Airlines

Pilots union says probe of Asiana crash revealed too much, too fast

July 9, 2013 at 3:35 PM ET

NTSB Asiana investigation
NTSB via AP
This photo provided by the National Transportation Safety Board, on Tuesday, July 9, 2013, shows Investigator in Charge Bill English, foreground, and Chairman Deborah Hersman discussing the progress of the investigation into the crash of Asiana Airlines Flight 214 in San Francisco.

The world's largest pilot union rebuked the federal agency handling the investigation of Saturday's passenger jet crash in San Francisco, saying it had released too much information too quickly, which could lead to wrong conclusions and compromise safety.

Releasing data from the flight's black boxes without full investigative information for context "encourages wild speculation" about the cause of the crash, the Air Line Pilots Association International (ALPA) said in a statement late on Monday.

The criticism came after the National Transportation Safety Board (NTSB) gave a detailed account of the flight's final minutes in a regular daily update on the crash.

The NTSB is the lead investigator of Asiana Airlines flight 214, a Boeing 777 that broke apart and burned after crash-landing short of the runway. Two teenage Chinese passengers were killed, and more than 180 other people were injured in the first fatal accident involving a 777 since the plane was introduced in 1995.

Answering ALPA's criticism, NTSB spokeswoman Kelly Nantel said the agency routinely provided factual updates during investigations.

"For the public to have confidence in the investigative process, transparency and accuracy are critical," Nantel said.

NTSB Chairman Deborah Hersman told reporters on Monday that the plane was significantly below its target landing speed for more than half a minute before impact. That information expanded on data Hersman released Sunday that indicated the plane was below speed during the final seven seconds.

Hersman said the plane was traveling at 134 knots, or nautical miles per hour, 34 seconds before impact, well below the target landing speed of 137 knots. The plane continued to slow down, and when it hit the ground, the speed was 106 knots, she said.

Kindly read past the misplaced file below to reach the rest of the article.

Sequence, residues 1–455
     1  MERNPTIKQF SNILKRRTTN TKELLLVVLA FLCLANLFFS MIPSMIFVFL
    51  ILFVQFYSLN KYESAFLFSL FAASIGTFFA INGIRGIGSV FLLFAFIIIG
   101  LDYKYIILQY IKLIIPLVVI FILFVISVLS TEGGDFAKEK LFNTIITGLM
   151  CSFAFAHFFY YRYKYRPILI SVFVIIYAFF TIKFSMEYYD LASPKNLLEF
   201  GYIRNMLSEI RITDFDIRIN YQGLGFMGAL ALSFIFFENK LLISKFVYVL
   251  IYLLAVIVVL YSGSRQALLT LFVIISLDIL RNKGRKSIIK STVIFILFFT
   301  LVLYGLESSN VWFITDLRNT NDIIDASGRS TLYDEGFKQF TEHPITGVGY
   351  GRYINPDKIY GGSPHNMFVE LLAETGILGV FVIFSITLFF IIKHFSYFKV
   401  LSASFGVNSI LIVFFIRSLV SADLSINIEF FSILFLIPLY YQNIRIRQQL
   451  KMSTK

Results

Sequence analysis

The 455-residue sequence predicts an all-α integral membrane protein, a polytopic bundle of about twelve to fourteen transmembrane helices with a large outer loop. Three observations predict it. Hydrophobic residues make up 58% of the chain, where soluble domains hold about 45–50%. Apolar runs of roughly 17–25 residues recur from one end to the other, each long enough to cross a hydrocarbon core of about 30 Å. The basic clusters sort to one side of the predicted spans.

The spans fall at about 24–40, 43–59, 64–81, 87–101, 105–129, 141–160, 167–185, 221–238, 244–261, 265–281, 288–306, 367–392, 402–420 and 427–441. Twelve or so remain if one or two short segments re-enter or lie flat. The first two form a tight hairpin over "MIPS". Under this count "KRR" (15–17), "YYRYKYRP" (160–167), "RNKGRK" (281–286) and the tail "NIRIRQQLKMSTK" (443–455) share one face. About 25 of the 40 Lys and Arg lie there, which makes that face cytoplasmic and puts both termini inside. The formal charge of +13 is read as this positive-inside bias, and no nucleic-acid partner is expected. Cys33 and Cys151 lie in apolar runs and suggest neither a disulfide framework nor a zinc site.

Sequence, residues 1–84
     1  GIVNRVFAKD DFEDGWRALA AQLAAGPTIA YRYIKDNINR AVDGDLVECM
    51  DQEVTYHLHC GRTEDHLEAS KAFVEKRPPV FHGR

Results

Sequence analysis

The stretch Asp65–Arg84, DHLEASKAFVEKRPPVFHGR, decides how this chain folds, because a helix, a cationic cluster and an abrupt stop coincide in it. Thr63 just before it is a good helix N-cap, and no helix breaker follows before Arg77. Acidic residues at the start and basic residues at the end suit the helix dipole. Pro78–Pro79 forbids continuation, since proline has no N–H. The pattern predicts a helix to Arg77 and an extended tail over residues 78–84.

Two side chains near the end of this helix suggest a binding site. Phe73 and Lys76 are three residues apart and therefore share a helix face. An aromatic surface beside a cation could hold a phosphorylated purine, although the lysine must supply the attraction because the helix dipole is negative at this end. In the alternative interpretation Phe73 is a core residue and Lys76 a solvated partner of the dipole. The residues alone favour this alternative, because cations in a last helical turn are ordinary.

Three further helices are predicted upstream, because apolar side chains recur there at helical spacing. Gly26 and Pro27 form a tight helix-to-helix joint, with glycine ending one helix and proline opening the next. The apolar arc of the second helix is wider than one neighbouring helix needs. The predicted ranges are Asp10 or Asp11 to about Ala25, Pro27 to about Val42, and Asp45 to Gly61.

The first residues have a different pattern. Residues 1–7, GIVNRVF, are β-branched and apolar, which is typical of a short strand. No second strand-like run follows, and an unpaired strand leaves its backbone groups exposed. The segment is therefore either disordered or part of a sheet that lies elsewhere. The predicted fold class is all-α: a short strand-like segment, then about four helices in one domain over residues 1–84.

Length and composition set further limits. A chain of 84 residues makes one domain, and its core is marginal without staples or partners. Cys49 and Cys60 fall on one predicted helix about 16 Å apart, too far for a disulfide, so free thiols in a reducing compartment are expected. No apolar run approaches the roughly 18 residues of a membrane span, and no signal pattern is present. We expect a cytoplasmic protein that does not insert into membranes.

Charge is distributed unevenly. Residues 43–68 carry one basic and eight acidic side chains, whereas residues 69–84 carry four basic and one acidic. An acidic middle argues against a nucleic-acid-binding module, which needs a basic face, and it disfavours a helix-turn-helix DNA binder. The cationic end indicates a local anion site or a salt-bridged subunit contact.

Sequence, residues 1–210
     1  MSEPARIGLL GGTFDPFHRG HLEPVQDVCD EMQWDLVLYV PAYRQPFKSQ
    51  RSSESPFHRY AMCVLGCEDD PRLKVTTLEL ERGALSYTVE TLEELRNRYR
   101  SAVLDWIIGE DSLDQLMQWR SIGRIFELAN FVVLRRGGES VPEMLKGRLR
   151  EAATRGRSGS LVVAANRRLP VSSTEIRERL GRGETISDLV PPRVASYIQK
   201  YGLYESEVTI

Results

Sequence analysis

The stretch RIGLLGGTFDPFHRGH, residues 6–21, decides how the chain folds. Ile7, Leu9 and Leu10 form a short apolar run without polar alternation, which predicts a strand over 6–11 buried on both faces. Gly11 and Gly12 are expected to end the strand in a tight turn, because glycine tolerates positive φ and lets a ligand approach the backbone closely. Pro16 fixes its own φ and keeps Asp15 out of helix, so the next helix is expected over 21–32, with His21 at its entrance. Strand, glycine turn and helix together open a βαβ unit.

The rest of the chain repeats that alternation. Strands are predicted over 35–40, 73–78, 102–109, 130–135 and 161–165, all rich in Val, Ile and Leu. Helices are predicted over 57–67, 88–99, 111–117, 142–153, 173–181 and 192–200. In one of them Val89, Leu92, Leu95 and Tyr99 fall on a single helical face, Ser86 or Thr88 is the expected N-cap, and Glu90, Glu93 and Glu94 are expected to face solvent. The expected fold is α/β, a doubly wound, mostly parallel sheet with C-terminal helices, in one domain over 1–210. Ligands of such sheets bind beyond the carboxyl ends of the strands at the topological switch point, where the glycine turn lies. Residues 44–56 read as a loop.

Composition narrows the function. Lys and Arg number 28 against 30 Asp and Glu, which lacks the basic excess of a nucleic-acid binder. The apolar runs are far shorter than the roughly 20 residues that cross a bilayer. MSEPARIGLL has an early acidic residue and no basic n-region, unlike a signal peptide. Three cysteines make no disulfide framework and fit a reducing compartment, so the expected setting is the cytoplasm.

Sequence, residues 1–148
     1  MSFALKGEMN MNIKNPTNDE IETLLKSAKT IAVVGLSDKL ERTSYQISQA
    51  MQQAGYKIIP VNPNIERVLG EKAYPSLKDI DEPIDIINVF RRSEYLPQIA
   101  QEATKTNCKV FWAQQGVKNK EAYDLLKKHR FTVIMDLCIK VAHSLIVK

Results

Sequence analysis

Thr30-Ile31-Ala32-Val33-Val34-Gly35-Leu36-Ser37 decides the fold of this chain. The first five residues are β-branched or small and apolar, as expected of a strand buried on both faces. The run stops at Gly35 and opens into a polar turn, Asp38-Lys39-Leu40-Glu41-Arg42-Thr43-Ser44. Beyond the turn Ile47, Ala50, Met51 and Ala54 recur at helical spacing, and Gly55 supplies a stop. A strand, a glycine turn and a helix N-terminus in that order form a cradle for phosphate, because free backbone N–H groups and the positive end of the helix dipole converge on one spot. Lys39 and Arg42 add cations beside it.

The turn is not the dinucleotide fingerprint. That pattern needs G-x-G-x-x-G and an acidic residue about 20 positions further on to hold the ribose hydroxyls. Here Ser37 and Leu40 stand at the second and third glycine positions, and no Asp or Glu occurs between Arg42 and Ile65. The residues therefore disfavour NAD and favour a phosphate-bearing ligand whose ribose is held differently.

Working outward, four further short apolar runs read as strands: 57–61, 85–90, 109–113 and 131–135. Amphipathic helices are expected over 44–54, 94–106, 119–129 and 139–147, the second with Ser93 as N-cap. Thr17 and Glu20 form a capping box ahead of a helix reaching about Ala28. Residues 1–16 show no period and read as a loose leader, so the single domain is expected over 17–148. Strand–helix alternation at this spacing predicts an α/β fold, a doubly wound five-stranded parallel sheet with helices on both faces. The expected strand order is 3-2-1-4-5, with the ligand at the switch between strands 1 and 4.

Hersman cautioned on Monday that the NTSB and other agencies were still interviewing the four pilots from the flight, and she said it was premature to draw conclusions. She also said the flight data recorder would be cross-checked with air traffic control logs, radar and the cockpit voice recorder.

ALPA, the Washington, D.C.-based union that represents more than 50,000 pilots in the United States and Canada, said the NTSB statements gave the impression that the agency had "already determined probable cause."

Asiana Airlines, based in South Korea, has said the pilot at the controls, Lee Kang-kuk, was still training on Boeing 777 jets and his supervisor was making his first flight as a trainer. Lee had 43 hours of experience flying the long-range jet, the airline said.

On Tuesday, Hersman said in a TV interview that the agency wanted to understand the pilot's experience and would release more details at a briefing later in the day.

Aviation experts said the low speeds during the plane's final approach suggested that the pilots probably had time to realize the plane was stalling and to react.

Passengers also have reported that the plane was rolling from side to side during the approach, which in calm winds is another indication of stalling, said Hans Weber, president of TECOP International Inc and an aerospace consultant who has been an adviser to the FAA.

As soon as a plane goes below the minimum speed for a landing, there should be a vibration in the controls meant to warn pilots of a stall, he said.

"If they had commanded full throttle at that point," Weber said, "there's a good chance they would have made it."

Copyright 2014 Thomson Reuters.

TOP